Losing some lustre

United States President Barack Obama has received some harsh criticism in recent weeks, particularly following the annexation of Crimea.

And the criticism has come from both sides of the political spectrum, with the New York-based Human Rights Foundation saying should Russia be allowed to keep Crimea and redraw the map of Europe so easily, Russian President Vladimir Putin would be rooted even more deeply in power and continue to be a threat and destabilising force in the region.

Mr Putin must be contained and Crimea must not be abandoned, the foundation said.

Headlines included ''Obama signals surrender on Crimea'' to ''Obama's Crimea blunder''.

At the end of February, Mr Obama warned there would be costs for Russia if it invaded any part of the Ukraine. Yet, while in Europe, Mr Obama made it clear there would only be meaningful costs for Russia if it launched a second invasion, targeting some other part of the Ukraine.

The red line of Crimea had disappeared, or at best moved.

Joint press conferences followed, that helped clarify Europe had no intention of imposing significant costs for the the actions of Mr Putin against Crimea. Only further misbehaviour would provoke a Western response.

Mr Obama tried to sound tougher than his European counterparts but many said he did not pull it off. Like the European presidents and heads of government, he pushed any further action into the future.

The hawks of the world want the North Atlantic Treat Organisation (Nato) to sweep into the Ukraine in a force of strength to show Mr Putin any further advance to take over any other part of the troubled country will be met by force.

Perhaps it is that very threat that worries Mr Obama, and has made him less forceful than the president of the world's largest democracy - previously known as the world's police force - would want to be seen to be.

Mr Obama has lost the lustre he brought with him on the wave of popular support that saw him elected as the first African-American president.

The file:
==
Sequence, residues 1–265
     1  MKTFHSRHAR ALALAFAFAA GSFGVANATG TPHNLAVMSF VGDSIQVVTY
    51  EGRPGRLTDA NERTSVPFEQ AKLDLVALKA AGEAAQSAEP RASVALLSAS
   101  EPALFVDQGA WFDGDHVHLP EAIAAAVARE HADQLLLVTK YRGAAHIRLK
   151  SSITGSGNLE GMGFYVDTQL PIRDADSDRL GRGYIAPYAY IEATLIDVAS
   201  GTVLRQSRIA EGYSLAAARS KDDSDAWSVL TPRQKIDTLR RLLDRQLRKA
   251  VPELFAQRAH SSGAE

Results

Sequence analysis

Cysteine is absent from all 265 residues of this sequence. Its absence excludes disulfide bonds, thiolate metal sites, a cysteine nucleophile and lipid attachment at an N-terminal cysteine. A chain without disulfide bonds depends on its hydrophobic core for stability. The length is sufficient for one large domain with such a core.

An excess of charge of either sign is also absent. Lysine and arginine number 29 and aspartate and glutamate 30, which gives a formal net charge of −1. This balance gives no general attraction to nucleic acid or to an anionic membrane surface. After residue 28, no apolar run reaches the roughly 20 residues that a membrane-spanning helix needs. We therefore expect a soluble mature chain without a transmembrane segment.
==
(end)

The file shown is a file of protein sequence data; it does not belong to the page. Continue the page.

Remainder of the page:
An ordinary first half of his first term saw the Republicans gain control of the House of Representatives, leaving the Democrats in charge of the Senate. Since then, Mr Obama has battled to get any legislation through.

Most prominently, the Republicans kept stalling on lifting the US debt ceiling, forcing the president to delay the removal of most of former president George W. Bush's tax cuts.

The introduction of the much-vaunted Obamacare programme was sadly an unmitigated failure, with websites crashing, continual Republican opposition and some states refusing to introduce it until forced to by the courts.

Now Mr Obama can claim registration for the medical care legislation, for those who normally are not covered by medical insurance, has reached seven million, he can breathe a sigh of relief. Perhaps.

For a president who promised so much, his global image has been trampled over by Russia and China, while at home he is struggling to leave a lasting legacy.

Syria is another abject failure for the United States, as fighting continues to rage and more than a million people have been displaced from their homes to camps in Lebanon.

Russia again played its hand by supporting the Assad regime, just as it has supported US enemies in other parts of the world.

Some wonder whether the Winter Olympics, in Sochi, were a catalyst for Mr Putin to turn his thoughts to territories previously included in the former Union of Soviet Socialist Republics.

The Russian army looks better drilled and more heavily armed than it has for more than a decade. Mr Putin returned to the presidency after serving two terms out of office as prime minister.

He has at least six years left in power as president but, at 62, there is no guarantee he will not change the rules to extend his rule.

His popularity at home has soared after the annexation of Crimea. Any further expansion of Russia will come at the expense of Mr Obama and other Western leaders, and Mr Putin will enjoy any such victory.

 

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